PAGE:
The Thasians, at the instigation of Callistratus, in the year before the accession of Philip of Macedon, penetrated into the interior to the plain of the Angites, and revived Krenides as a centre of mining operations. But the assaults of the Thracians upon the new colony soon compelled it to seek the assistance of Philip. He drove back the Thracians, annexed to Macedonia all the country as far as the Nestus, and built a fortress which became the centre of the mining district. He also gave the place his own name, Philippi. The plural form of the name seems to indicate that the new town, at the time when it fell into his hands, was composed of several distinct groups of dwellings defended by detached works for the protection of the miners, and not by a common and continuous enceinte. A fort on the hill which commanded the defile was a necessity. Under the protection of this work it was sufficient to bar the defile by a temporary wall in order to allow an important group of dwellings to be erected at the foot of the rocks. Philip improved the region, drying up the marshes and laying out roads, and Theophrastus (Causae Plantarum, v. 14) relates that by these works the climate was perceptibly modified.

The gold-mining industry yielded to Philip an annual revenue of a thousand talents,—a treasure which furnished him with the means of establishing and maintaining a navy, and which was quite as potent as his army in securing the future triumphs of Macedonia. “The gold of Krenides spread itself over Greece, preceding the phalanx like an advance-guard, and opening more gates than the battering-rams and catapults” (Heuzey).

On the mines, see Curtius, Hist. Greece, v. 52; Appian, Bell. Civ., iv. 106; Boeckh, Public Economy of Athens; Heuzey and Daumet, Mission Archéologique. See especially their interesting description of the rock formations of Philippi, and the comparison with the auriferous rocks of California (p. 55 ff.). On mining under the Romans, Marquardt, Röm. Staatsverwaltung, Bd. ii. 245, 252-258.

The Romans became masters of this region upon the defeat of the Republican forces under Brutus and Cassius by Octavianus and Antony (b.c. 42). Philippi was the scene of the final conflict. The Republicans occupied two hills facing the town to the southeast, while the triumviral army was posted in the open plain. Two battles were fought: the first indecisive, resulting in the death of Cassius; the second, twenty days later, which decided the fate of the republic.

The sojourn of Octavianus at Philippi revealed to him its importance both as a military position and as a source of revenue. After his victory, and in commemoration of it, he made Philippi a military colony, and bestowed upon it the jus Italicum. The inscription COHOR. PRAE. PHIL. found on little copper coins of Philippi goes to show that this colony was originally composed of a division of veterans belonging to the prætorian cohorts of the triumvirate. It bore the name COLONIA JULIA AUGUSTA VICTRIX PHILIPPENSIUM. The colony was not a mere town with its outskirts, but a great department, with boroughs and secondary towns, of which Philippi was the administrative centre. The Romans succeeded the Macedonians in the working of the mines, but never made them as profitable as the Macedonians had done.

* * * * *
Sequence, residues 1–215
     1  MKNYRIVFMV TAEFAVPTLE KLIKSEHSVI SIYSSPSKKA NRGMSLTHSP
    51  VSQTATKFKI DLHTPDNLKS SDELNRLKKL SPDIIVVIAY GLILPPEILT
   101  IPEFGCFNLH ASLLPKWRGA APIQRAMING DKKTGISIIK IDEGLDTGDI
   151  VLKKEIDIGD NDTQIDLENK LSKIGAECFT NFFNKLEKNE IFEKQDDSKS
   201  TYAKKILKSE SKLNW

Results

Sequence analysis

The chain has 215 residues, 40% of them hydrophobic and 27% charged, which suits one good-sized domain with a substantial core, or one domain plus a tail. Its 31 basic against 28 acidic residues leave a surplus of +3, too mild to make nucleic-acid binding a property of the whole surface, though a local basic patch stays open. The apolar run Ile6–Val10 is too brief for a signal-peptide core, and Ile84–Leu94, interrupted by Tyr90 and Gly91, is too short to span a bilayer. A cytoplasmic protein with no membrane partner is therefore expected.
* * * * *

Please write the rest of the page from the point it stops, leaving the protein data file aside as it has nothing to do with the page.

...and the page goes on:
Communities in the Roman provinces were either municipia (free towns) or coloniae (colonies). The colony represented transplanted citizenship, while the municipium was engrafted upon the state. A provincial town became a municipium when its inhabitants received the Roman franchise, and a constitution from a Roman governor or commissioner. At the time of the Republic, and among the Italian cities, the municipia were the more important; but in the imperial period the colonies outranked them. Extraordinary privileges were mostly, if not exclusively, confined to the colonies. The principal of these privileges was the jus Italicum, which was a grant to the community, not to individuals, and consisted in the right of proprietorship according to the Roman civil status. This right involved the acquisition of ownership by long use or prescription (usucapio); the right of transferring ownership by a fictitious suit (in jure cessio); the right of the purchase or transfer of property (mancipatio), and the right of civil action or lawsuit (vindicatio). As, according to Roman law, landed property in Italy was exempt from taxation, the jus Italicum conferred the same immunity upon provincial land. The right was never given except to a colony; but all colonies did not possess it, and when they did not, the colonists were subjected to both a poll-tax and a land-tax.

A colony was a miniature Rome. The colonists proceeded to their destination under their standards, and marked out with the plough the limits of the new city. The land was divided into sections of two hundred acres, which were subdivided into lots (sortes), and in military colonies these were apportioned according to rank. Even in the form and appearance of the city the mother-city was imitated. The coinage bore Roman inscriptions. The colonies were free from any intrusion by the governor of the province. Their affairs were regulated by their own magistrates called Duumviri, who delighted to style themselves Praetores (στρατηγοί). The officers of Philippi are referred to by Luke under this title (Acts 16:20-38).